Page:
In addition to the four litigants, over twenty representatives from civil society organizations and universities were present to observe the proceedings. Representatives of the Faculty of Law The UWI Rights Advocacy Project (U-RAP), which has been involved from the outset of the case, were also present.

One of the major hurdles for the appellants in their challenge to the 125-year old law was the existence of a savings law clause in the Constitution. Mendes SC began his presentation on June 28 by noting the groundbreaking decision of the CCJ the day before, on Wednesday, June 27—the case of Nervais and Severin v AG of Barbados—which significantly limits the negative impact of savings law clauses in cases challenging colonial laws. In that case, the CCJ declared that the mandatory death penalty in Barbados was unconstitutional and that the savings law clause was not a barrier to that declaration.

In the main, both sides appeared to agree that dress consistent with one’s gender identity, even if that identity is different from the sex assigned at birth, was wholly legal. As a result, the focus of the hearing became whether the term, “improper purpose” was sufficiently certain to allow ordinary persons to know exactly what was being prohibited. In his comments, Justice Wit emphasized that the test must be based on ordinary citizens as the standard and not legal experts, and charges should stem from crimes and not one’s manner of dress.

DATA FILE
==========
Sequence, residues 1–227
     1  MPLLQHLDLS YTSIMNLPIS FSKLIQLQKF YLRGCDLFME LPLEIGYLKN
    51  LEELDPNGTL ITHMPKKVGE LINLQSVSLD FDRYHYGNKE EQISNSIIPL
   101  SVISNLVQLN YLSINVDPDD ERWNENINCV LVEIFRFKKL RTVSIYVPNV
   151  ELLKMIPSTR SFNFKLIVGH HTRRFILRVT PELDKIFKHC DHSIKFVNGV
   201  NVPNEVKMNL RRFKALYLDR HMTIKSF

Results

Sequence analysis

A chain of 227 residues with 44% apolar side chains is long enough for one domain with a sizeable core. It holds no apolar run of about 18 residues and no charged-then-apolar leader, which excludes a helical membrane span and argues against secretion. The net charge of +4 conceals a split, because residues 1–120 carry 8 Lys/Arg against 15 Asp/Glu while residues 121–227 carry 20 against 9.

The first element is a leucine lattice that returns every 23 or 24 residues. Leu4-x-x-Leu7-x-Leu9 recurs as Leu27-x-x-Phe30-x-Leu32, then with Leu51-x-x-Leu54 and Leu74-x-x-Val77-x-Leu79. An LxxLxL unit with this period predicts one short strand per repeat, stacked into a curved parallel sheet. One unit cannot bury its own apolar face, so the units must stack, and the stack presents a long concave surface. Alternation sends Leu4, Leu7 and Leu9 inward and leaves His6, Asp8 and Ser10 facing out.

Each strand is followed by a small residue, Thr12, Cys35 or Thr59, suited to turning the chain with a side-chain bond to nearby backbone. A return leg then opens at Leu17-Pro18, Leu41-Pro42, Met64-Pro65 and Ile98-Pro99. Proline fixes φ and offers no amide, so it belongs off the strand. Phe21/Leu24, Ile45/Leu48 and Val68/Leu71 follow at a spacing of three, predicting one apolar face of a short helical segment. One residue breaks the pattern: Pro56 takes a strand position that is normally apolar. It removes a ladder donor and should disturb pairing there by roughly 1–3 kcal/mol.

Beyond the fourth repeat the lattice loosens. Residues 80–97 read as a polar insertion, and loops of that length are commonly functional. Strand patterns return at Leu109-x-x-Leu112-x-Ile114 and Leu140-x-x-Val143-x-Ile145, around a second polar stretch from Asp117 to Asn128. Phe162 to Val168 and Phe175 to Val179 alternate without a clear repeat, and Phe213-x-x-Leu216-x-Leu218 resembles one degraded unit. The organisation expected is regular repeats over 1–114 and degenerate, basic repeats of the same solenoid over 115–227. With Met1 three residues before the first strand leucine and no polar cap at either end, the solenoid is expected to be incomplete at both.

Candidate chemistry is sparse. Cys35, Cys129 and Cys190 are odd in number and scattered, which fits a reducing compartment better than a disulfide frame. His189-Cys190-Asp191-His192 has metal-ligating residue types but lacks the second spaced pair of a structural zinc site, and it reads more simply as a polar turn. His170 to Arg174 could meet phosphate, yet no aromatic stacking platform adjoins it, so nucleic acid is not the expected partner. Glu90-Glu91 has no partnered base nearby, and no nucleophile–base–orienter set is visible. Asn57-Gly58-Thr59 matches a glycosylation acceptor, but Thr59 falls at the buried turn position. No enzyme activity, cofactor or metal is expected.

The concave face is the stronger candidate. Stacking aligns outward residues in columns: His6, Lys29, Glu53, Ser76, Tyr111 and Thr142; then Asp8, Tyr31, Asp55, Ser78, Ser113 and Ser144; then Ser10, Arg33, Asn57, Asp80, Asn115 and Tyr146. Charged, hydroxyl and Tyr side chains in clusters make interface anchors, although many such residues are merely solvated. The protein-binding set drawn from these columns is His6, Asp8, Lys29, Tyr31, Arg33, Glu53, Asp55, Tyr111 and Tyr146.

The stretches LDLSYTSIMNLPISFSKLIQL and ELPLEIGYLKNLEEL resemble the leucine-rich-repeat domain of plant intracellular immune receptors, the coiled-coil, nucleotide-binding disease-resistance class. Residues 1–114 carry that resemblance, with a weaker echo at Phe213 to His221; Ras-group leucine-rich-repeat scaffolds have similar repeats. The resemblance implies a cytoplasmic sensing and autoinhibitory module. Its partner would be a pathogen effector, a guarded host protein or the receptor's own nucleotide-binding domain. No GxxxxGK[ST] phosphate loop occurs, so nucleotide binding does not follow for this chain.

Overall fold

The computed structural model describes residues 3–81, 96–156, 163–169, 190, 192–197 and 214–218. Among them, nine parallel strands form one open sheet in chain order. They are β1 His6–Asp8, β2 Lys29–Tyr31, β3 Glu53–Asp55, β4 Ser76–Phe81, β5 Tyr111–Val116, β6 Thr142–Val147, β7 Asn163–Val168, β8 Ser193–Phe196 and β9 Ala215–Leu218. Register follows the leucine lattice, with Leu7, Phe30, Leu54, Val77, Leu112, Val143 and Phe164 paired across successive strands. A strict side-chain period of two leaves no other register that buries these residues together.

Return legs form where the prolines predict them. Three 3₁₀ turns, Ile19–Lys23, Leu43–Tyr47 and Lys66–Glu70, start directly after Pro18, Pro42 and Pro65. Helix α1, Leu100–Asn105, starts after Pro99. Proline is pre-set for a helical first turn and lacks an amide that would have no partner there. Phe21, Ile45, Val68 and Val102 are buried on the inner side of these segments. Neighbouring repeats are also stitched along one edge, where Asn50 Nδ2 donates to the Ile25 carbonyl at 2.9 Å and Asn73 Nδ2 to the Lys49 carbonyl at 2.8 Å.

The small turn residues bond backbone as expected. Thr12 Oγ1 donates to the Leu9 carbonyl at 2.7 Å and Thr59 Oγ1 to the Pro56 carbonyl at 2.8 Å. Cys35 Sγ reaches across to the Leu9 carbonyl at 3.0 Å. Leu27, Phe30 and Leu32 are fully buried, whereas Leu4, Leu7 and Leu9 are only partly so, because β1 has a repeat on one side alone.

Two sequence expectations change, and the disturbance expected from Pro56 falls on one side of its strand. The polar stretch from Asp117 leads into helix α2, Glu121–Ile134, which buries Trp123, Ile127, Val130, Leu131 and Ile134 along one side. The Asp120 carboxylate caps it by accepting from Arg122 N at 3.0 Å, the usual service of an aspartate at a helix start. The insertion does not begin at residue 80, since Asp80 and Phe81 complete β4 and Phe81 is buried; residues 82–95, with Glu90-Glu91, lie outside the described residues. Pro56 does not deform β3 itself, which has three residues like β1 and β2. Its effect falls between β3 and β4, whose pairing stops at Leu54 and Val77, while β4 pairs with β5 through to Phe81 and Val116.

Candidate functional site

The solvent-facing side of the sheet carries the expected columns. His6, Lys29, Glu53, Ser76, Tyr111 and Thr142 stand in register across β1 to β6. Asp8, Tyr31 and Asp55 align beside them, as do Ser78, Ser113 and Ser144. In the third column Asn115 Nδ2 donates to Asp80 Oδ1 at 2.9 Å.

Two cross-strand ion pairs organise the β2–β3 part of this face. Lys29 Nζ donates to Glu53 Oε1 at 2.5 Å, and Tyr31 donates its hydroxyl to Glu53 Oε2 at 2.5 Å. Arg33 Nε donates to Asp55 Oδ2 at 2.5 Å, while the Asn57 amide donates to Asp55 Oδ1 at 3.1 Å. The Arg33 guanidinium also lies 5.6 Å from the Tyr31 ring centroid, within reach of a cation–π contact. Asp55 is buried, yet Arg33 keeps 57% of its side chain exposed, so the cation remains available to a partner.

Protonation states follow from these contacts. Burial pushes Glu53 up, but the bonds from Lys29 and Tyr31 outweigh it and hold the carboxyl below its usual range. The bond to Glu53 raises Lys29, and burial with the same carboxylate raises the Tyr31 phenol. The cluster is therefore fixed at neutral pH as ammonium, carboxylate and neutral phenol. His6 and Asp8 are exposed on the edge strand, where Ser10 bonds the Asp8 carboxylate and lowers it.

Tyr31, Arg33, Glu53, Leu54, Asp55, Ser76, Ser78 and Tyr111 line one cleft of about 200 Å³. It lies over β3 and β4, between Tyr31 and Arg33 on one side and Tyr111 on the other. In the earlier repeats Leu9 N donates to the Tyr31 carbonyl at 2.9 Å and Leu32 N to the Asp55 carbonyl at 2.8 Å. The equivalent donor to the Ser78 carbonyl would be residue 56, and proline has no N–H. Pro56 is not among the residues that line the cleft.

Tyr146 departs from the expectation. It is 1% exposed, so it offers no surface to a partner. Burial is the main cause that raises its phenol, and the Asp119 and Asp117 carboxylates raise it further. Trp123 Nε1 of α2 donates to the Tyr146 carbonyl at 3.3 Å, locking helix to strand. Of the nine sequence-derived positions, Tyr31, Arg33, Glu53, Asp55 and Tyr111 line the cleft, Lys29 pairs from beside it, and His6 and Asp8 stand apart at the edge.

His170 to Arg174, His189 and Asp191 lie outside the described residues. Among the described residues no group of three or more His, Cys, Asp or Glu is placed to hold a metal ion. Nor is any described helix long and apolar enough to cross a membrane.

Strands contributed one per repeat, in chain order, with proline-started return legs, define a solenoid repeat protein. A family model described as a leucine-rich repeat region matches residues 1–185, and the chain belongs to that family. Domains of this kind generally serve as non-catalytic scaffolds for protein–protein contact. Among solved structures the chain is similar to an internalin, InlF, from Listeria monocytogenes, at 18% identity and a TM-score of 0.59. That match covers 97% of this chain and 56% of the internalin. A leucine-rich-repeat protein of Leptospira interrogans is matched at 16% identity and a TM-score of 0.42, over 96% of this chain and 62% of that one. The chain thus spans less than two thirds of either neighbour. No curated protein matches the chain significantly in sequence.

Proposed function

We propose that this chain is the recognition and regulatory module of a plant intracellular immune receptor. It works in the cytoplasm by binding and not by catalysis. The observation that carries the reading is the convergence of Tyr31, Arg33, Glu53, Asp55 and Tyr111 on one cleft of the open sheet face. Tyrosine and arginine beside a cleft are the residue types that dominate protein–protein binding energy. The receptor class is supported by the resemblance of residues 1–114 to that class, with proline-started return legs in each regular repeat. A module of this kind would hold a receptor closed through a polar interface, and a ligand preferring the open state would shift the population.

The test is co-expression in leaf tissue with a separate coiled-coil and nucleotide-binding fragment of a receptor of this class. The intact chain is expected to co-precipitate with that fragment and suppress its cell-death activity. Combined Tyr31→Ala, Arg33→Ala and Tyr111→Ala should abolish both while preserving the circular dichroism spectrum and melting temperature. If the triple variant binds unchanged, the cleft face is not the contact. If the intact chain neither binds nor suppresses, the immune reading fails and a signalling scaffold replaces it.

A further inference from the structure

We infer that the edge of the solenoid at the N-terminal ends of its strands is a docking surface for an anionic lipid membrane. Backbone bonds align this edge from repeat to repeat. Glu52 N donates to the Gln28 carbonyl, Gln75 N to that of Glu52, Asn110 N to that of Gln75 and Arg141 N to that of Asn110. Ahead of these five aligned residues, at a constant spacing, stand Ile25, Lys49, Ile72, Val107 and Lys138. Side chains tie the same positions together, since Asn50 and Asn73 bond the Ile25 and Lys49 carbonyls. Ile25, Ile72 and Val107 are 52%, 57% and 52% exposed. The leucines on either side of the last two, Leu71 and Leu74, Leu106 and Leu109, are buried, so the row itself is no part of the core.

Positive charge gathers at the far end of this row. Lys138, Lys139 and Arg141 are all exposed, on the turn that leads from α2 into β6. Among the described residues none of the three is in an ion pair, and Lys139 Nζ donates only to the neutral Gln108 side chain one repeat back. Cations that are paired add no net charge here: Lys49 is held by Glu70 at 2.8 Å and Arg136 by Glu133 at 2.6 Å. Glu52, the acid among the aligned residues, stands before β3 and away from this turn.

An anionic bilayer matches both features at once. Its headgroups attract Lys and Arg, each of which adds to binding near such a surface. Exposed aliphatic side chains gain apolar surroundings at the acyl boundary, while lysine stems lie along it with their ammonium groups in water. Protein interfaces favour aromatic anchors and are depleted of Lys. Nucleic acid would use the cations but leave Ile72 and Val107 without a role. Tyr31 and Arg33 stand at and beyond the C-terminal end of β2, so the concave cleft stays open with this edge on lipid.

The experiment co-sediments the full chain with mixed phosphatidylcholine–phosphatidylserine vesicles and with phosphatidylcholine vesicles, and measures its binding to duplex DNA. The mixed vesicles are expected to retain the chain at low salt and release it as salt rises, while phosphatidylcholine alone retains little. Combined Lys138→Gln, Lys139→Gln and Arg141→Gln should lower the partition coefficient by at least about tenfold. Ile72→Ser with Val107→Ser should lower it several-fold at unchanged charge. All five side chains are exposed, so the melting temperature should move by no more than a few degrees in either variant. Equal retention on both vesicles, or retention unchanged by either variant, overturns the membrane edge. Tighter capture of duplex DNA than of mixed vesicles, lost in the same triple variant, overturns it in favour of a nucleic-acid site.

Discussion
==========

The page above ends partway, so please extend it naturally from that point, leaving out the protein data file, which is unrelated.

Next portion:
Mendes SC in his presentation argued that criminalizing just thought—an “improper purpose”—was impermissible. And he also pointed out the thought of only some (“man” in “female attire”/ “woman” in “male attire”) was criminalized. No offense was committed if a “man” was dressed in “male attire” for an “improper purpose”; likewise if a “woman” was dressed in “female attire” for an “improper purpose”.

The State suggested that any arbitrary and discriminatory enforcement of this law could be addressed through appeals and applications for judicial review. During the hearing, President Saunders raised the question of whether transgender persons who are not of great means or social influence may lack meaningful access to these procedures and thereby be at risk if the law is not sufficiently certain.


This constitutional law and human rights case will have great significance because it will consider:

  • The proper scope of saving law clauses for the second time in four months.
  • The significance of unique human rights provisions in the Guyana Constitution that expand equality rights and incorporate international human rights law.
  • The importance of the principle of the rule of law and the right to due process in Caribbean constitutions, and their insistence that criminal laws must be ‘certain’ about what they are prohibiting.
  • The impact of the law on the fundamental rights of a group that has faced discrimination and social exclusion—gender non-conforming and transgender persons.